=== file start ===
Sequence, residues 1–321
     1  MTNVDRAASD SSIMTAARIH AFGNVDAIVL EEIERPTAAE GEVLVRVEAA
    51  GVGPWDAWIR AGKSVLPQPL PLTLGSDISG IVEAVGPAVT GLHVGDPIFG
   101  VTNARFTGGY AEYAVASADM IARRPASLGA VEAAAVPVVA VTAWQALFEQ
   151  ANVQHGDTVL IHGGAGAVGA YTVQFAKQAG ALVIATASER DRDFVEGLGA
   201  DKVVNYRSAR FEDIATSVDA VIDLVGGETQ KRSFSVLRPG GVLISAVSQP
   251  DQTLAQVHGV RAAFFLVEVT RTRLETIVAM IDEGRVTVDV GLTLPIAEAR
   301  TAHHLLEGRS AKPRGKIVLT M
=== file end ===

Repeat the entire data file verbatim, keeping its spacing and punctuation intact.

Sequence, residues 1–321
     1  MTNVDRAASD SSIMTAARIH AFGNVDAIVL EEIERPTAAE GEVLVRVEAA
    51  GVGPWDAWIR AGKSVLPQPL PLTLGSDISG IVEAVGPAVT GLHVGDPIFG
   101  VTNARFTGGY AEYAVASADM IARRPASLGA VEAAAVPVVA VTAWQALFEQ
   151  ANVQHGDTVL IHGGAGAVGA YTVQFAKQAG ALVIATASER DRDFVEGLGA
   201  DKVVNYRSAR FEDIATSVDA VIDLVGGETQ KRSFSVLRPG GVLISAVSQP
   251  DQTLAQVHGV RAAFFLVEVT RTRLETIVAM IDEGRVTVDV GLTLPIAEAR
   301  TAHHLLEGRS AKPRGKIVLT M